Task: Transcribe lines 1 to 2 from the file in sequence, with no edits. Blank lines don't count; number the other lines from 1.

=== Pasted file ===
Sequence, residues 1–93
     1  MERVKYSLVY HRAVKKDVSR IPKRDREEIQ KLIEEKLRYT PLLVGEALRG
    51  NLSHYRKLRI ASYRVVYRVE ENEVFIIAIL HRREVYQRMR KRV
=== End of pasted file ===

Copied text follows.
Sequence, residues 1–93
     1  MERVKYSLVY HRAVKKDVSR IPKRDREEIQ KLIEEKLRYT PLLVGEALRG